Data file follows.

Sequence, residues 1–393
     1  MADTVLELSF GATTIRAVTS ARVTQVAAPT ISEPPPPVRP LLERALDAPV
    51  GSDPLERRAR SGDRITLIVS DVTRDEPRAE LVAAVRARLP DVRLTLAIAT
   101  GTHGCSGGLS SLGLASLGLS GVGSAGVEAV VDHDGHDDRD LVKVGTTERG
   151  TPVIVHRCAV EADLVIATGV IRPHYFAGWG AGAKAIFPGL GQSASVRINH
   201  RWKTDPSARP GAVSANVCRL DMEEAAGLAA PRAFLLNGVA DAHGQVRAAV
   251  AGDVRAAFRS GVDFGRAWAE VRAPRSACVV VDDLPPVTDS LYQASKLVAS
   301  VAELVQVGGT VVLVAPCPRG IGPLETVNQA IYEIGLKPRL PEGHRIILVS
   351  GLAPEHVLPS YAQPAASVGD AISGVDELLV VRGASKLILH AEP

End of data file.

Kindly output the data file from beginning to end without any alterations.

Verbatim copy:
Sequence, residues 1–393
     1  MADTVLELSF GATTIRAVTS ARVTQVAAPT ISEPPPPVRP LLERALDAPV
    51  GSDPLERRAR SGDRITLIVS DVTRDEPRAE LVAAVRARLP DVRLTLAIAT
   101  GTHGCSGGLS SLGLASLGLS GVGSAGVEAV VDHDGHDDRD LVKVGTTERG
   151  TPVIVHRCAV EADLVIATGV IRPHYFAGWG AGAKAIFPGL GQSASVRINH
   201  RWKTDPSARP GAVSANVCRL DMEEAAGLAA PRAFLLNGVA DAHGQVRAAV
   251  AGDVRAAFRS GVDFGRAWAE VRAPRSACVV VDDLPPVTDS LYQASKLVAS
   301  VAELVQVGGT VVLVAPCPRG IGPLETVNQA IYEIGLKPRL PEGHRIILVS
   351  GLAPEHVLPS YAQPAASVGD AISGVDELLV VRGASKLILH AEP